My little boy thinks he’s a baby T-rex. But should I still send him to school?
My little boy won’t eat anything that’s green, can’t sit still for more than three minutes, and boils into an limb-flinging rage if his sister touches his toys.
But I should totally send him to school, right?
It’s that time of year. Crunch time. He’ll be four, turning five in the middle of next year. Technically, he COULD go to school in January.
It would save us a lot of money. Six years of children in child-care has left us in a muddle of debt. So kissing goodbye to the last of the preschool bills and everyone going back to five days of work would be lovely.
But… he thinks he’s a baby T-rex.
This is the kind of tussle that goes on in houses all over the country at school submission time. And it goes on, especially, in houses of people with boy children.
The word travels like wildfire around playgrounds and preschools: "Boys do better if you hold them back."
"Boys aren't like girls. They mature slower. They're not as resilient."
All of this oozes into the parental ear like so much tainted honey. If we're privileged enough to have a choice about when our child can start school, we trash our advantage with a fretful anxiety.
So do I look at my son and think he's a baby because he's a boy? Or because, as my youngest, he is my baby? Or because he really, actually, cognitively is still a baby? Who knows what the hell I think.
In case you missed it, girls are being told to lengthen their skirts at a New Zealand school. Post continues after video...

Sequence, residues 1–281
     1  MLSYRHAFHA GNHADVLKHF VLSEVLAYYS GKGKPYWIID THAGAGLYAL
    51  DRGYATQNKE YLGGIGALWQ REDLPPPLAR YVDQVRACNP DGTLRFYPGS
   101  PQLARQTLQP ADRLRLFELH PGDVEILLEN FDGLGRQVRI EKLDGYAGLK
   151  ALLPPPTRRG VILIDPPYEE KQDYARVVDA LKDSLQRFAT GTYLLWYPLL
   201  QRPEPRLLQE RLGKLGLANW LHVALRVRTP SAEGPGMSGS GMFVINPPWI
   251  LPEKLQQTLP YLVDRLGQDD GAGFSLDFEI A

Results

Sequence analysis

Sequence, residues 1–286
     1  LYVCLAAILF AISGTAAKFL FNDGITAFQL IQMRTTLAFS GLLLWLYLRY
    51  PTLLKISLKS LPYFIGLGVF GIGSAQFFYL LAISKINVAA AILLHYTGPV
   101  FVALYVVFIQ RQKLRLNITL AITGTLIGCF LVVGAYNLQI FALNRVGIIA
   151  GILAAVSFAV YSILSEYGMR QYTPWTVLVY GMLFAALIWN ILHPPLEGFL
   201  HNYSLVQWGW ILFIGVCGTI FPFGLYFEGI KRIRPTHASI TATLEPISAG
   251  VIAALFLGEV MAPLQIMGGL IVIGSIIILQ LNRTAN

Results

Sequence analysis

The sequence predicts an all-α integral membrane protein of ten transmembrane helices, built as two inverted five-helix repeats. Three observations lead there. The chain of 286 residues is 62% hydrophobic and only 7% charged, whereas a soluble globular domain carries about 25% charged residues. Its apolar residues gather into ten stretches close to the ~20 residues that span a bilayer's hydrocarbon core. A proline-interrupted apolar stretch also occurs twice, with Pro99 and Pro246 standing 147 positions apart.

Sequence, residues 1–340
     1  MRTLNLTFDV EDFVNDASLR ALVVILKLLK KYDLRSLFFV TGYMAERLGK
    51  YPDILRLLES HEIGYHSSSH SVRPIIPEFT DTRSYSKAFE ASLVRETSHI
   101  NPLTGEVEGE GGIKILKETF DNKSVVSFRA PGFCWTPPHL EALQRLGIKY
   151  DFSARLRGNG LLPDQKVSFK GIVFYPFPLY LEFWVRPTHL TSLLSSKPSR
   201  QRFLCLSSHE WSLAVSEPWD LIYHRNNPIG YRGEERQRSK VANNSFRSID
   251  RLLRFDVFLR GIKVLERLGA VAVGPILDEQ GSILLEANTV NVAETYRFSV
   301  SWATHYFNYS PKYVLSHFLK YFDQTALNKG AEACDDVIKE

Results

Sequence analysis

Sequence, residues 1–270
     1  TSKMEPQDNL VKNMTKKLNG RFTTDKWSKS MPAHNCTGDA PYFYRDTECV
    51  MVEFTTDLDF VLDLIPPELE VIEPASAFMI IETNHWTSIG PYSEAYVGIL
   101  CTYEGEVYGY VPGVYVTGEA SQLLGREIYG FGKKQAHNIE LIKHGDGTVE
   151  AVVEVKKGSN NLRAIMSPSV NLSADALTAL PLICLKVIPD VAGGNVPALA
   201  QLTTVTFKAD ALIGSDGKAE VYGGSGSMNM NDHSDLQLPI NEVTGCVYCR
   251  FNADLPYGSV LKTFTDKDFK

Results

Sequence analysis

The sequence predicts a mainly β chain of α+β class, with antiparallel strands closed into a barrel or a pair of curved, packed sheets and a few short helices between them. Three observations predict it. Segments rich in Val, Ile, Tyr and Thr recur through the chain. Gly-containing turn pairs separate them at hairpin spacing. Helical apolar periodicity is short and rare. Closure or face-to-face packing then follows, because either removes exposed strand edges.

The whispers persist:
'Louise is starting Tigger next year, but he won't be four til June. Is she crazy? He's going to have such a hard time...'
'Annabel's holding Jim-Bob back another year. Can you imagine? He's going to be a foot taller than the other kids! He'll be so left out!'
'I've heard that if you start them early, some high schools won't take them...'
'Just start 'em, and if they don't do so well, they can repeat! What's the harm?'
'It's just not fair that Xarer has to compete with kids almost 18 months older than her! Who are these people who can keep their kids at home?'
And so on. And so on. Just another time in your brief small-child-focused years where the weight of the decision you're about to make seems impossibly heavy. When in reality, we probably know what's the right thing for our kid.
My daughter started school young-ish. She wasn't quite five.
But she was ready. She was jumping-out-of-her skin ready. I don't mean academically. She couldn't reliably write her name and she certainly couldn't read. But MAN, was she ready to throw herself into school. A sociable creature who thrives worships a positive authority figure, she could not wait. And she hasn't looked back. She's happy. I never considered, even for a moment, that I might not pack her off to kindy and cross $450 a week off the family budget.
But my boy? Well, I might have mentioned, he still thinks he's a T-rex.
This is the point at which people start telling you about Finland. Across the world, opinions about when kids start school vary wildly.
In Britain it's five, but not at all uncommon to be four. In other European countries, like France, Germany, Greece and Spain, it's six. In Finland, which allegedly has the world's finest education system, it's seven. In most of Asia, including China, it's six.
What do you do with all that information? What do you do with the differences in starting ages between the Australian states? What do we make of the fact that in New Zealand, many kids just start on their fifth birthday, whenever that is?
It's bamboozling. It's stressful, and the answer's all yours.
Well, actually, it's my son's. And he still thinks he's a baby T-rex. So I think he'll be stomping and roaring around his preschool for another year yet.
What did you do?
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